Speaking at an event in California yesterday, Mattis said his mission and responsibility was to have military options ready “should they be needed” but stressed the US effort is currently focused on diplomacy.
“The American effort is diplomatically led, it has diplomatic traction, it is gaining diplomatic results and I want to stay right there right now,” Mattis said at an event in California.
“The tragedy of war is well-enough known it doesn’t need another characterization beyond the fact that it would be catastrophic,” he added.
Mattis’ comments came shortly after President Donald Trump warned North Korea it should be “very, very nervous” if it thinks of attacking America, and doubled down on a vow to rain “fire and fury” on Pyongyang if it continued to threaten the US.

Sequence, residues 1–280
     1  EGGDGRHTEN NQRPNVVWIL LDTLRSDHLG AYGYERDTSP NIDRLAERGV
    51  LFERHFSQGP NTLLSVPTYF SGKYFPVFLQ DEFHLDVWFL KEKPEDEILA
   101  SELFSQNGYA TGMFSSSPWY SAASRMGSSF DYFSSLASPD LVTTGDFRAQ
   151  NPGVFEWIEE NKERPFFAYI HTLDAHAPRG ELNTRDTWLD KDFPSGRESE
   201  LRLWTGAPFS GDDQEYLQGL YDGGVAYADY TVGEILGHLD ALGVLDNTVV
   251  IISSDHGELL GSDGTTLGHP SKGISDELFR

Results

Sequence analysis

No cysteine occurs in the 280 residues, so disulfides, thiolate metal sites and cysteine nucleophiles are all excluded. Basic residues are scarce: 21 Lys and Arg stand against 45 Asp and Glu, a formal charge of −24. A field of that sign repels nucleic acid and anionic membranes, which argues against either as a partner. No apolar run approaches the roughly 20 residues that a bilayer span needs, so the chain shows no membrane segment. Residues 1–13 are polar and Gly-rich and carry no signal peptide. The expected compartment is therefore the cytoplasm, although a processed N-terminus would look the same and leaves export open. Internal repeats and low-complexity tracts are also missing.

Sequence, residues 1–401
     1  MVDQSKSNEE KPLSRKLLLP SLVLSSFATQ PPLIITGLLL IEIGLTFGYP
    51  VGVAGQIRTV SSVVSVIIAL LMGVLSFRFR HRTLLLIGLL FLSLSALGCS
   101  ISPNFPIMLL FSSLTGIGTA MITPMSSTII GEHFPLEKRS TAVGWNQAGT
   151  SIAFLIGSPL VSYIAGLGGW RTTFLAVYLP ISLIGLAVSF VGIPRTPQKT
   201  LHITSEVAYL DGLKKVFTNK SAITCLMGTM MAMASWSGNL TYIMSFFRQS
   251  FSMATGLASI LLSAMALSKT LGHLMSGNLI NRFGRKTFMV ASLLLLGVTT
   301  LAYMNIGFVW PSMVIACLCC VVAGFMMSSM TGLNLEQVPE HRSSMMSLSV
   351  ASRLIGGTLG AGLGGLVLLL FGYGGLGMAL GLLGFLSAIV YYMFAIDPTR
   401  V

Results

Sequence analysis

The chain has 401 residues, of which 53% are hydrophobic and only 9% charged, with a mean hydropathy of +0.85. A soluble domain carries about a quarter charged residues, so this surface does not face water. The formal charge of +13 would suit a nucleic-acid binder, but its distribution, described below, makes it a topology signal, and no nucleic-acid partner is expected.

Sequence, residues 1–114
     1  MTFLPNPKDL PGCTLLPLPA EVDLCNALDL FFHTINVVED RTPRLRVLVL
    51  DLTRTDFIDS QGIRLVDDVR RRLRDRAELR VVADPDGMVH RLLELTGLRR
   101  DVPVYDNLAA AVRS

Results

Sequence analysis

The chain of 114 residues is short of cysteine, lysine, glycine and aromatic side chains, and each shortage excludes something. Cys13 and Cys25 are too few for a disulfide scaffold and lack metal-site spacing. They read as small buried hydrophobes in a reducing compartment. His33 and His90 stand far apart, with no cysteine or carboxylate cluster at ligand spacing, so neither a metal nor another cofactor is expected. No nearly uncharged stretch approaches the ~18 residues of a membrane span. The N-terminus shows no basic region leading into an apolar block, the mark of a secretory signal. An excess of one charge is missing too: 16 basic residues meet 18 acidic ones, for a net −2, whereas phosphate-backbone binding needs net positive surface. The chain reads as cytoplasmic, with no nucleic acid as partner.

Mattis did not elaborate on the diplomatic results he referenced, but the UN Security Council at the weekend passed a new set of sanctions against Pyongyang over its weapons program, including bans on the export of coal, iron and iron ore, lead and lead ore as well as fish and seafood.
In a diplomatic win for the United States, the measures were approved unanimously — including by Russia and China, the North’s sole major ally.
The Pentagon chief on Wednesday issued a carefully worded statement telling North Korea it would be “grossly” outmatched in any conflict with the US, and warning Pyongyang to stop considering any action that risked “the destruction of its people.”